First and foremost, I did go and check whether the word "ridiculousness" exists. It does.....phew, I can keep my blog title!
Anyway, I was shaking my head again when reading a post from Chris Dixon this morning. Now don't get me wrong. Chris is quite successful and although I don't know him, I really like what he usually writes and he seems to be a pretty cool guy from the interviews I saw posted on Techcrunch. Nevertheless, I believe he may be falling a bit into his own trap. VC's (Chris isn't really a VC so he gets a pass on this), tend to get full of themselves. Even more so, they tend to get high on their own advice. Even further, they tend to give herd advice...i.e. one VC starts a meme and the VC bloggers pile on to it. Why so? Because we all read each others blogs. You tend to get your ideas for blog posts be reacting to things you experience and read........basically exactly how I came upon the idea to write this post. We ARE biased and we all hope at least to seem smart. We are constantly in "the scene" and we tend to all take hits at the VC bong directly or via second-hand smoke. I'm not even a VC at this point and I still tend to sound like one!
So, what threw me off in Chris's post? Well I am sure he meant it differently but the irony of it struck me differently than the intent:
"A startup should raise venture capital (or “venture-style” angel/seed funding) only if: 1) the goal is to build a billion-dollar (valuation) company, and 2) raising millions of dollars is absolutely necessary or will significantly accelerate growth."
"Unfortunately, many of these startups graft VC-friendly narratives onto their plans and raise too much money. Short term it might seem like a good idea but long term it won’t."
If you look at what Chris did with Hunch, I would argue he fell into his own trap or maybe he is just passing on what he did wrong. In total he raised ¢20 million (was this absolutely necessary?) and ended up only selling for €80 million (great return for everyone but VC's). This is an awesome WIN in my eyes (for him and his angel investors maybe) but is by far not a venture capital WIN. Further, did anyone really think Hunch was going to be a billion dollar business at the start? (Outside of when pitching it to the VC's) Well yeah, if you're full of yourself. You see, no one really can say when they launch a business "this will be a billion dollar business". Sure, we can want to be a billion dollar business but you're seriously smoking the wrong stuff if you launch a business announcing to the world you will be HUGE. Even if you are Chris Dixon and have Caterina Fake as a co-founder, you inherently realize the risk of what you're doing and the fact that becoming a billion dollar business is a way-long shot! I highly doubt Chris thought he was going to be a billion dollar business from day one. I am sure he hoped to become one but that's a different story.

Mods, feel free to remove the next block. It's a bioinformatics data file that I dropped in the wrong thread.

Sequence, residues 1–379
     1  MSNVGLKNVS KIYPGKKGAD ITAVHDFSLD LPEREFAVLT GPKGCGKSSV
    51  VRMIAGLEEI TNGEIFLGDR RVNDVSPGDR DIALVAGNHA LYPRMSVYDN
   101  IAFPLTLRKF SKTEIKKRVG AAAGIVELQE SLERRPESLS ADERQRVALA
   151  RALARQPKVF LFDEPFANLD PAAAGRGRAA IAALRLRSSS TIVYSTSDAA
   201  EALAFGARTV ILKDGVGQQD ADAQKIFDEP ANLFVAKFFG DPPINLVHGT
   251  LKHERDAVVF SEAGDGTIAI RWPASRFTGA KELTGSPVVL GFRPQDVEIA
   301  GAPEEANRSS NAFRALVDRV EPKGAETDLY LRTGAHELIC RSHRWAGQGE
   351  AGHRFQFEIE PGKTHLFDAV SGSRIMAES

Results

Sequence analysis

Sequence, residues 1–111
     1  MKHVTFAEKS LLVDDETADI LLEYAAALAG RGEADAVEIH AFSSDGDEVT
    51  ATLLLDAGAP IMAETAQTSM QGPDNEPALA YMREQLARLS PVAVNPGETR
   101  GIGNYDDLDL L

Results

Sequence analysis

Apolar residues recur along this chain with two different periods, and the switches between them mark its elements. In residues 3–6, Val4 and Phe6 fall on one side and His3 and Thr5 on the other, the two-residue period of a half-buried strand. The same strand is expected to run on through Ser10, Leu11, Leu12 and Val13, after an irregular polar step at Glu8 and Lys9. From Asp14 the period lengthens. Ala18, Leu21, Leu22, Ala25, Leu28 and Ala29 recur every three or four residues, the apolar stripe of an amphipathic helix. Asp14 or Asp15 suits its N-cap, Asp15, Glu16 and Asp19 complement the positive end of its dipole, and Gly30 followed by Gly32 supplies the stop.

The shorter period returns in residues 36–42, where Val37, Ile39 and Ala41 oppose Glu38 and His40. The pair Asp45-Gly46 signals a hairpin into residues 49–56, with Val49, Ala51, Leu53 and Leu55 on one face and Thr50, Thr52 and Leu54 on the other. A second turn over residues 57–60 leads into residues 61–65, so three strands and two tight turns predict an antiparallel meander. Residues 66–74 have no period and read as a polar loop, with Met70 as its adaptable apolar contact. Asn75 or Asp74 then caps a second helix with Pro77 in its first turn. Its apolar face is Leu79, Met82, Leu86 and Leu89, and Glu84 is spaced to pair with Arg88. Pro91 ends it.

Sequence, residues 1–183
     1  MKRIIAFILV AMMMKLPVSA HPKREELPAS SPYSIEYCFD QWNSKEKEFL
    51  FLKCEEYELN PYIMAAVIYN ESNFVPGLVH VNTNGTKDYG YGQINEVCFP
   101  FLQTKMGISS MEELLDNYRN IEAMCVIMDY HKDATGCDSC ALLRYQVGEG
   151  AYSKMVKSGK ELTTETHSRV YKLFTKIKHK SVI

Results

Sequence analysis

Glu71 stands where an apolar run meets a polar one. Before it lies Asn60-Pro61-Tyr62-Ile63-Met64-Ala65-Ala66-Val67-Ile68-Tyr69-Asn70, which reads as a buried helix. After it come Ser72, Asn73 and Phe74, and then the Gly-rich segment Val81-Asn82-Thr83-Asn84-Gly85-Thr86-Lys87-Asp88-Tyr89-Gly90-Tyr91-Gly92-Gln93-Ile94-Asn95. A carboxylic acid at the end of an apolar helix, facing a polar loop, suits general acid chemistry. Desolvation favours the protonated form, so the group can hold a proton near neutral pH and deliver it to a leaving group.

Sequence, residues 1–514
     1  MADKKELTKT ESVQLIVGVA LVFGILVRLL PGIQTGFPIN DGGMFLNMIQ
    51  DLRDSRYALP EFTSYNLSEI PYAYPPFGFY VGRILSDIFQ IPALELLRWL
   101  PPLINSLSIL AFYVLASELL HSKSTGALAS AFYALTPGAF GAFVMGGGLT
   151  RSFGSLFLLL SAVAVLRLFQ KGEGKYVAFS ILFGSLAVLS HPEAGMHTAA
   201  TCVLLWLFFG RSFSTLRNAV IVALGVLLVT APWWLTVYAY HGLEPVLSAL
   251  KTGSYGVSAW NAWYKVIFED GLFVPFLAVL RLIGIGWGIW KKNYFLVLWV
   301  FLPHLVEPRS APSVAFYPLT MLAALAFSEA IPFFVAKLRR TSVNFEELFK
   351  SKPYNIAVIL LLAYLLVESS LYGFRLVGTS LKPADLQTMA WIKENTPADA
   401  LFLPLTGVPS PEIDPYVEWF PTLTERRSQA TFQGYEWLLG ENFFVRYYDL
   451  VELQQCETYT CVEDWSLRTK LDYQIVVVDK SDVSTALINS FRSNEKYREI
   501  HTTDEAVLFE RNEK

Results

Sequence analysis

Ultimately what I am getting at is that every business is almost as different as we all are as individuals. Somehow we are all the same yet we still have our own identities and wants and needs. Same goes for businesses and they change with time. What starts out small and bootstrapped (see Github), not needing VC, can down the road need the VC support. At the same time, many businesses which raise VC because they can, eventually realize it was a mistake. There is absolutely no cookie cutter rule for raising VC, the right time nor the amount.
Each business has to look at what it plans on doing in the future and determine what they will TRY as well as what they are willing to tolerate. Never forget that you are "trying" things out and have to adapt as you go.....to the market, to specific customers, to partners, to VC's and so forth. Also don't forget that EVERYTHING changes when an offer is on the table for $80m. You can make off like a bandit and pocket $20m but your VC's haven't even necessarily doubled their money. Vice verse you can skip VC and down the road be barely breaking even on $1m in revenues ten years into it.
There is no RIGHT or WRONG when it comes to raising money. Make sure YOU decide and don't let blog posts or the current sexiness of venture funding drive your decision making. Talk to as many people as you can and don't just read blogs or talk to people "in the scene". Go talk to the guy at the laundromat around the corner or whatever. Get a different opinion and analyze it. Ask those who have done both. Definitely get criticism as well as praise for what you want to do. If everyone is supportive of what you are doing and pushing you to VC, think twice. Zigging and zagging in another direction may just be the better choice.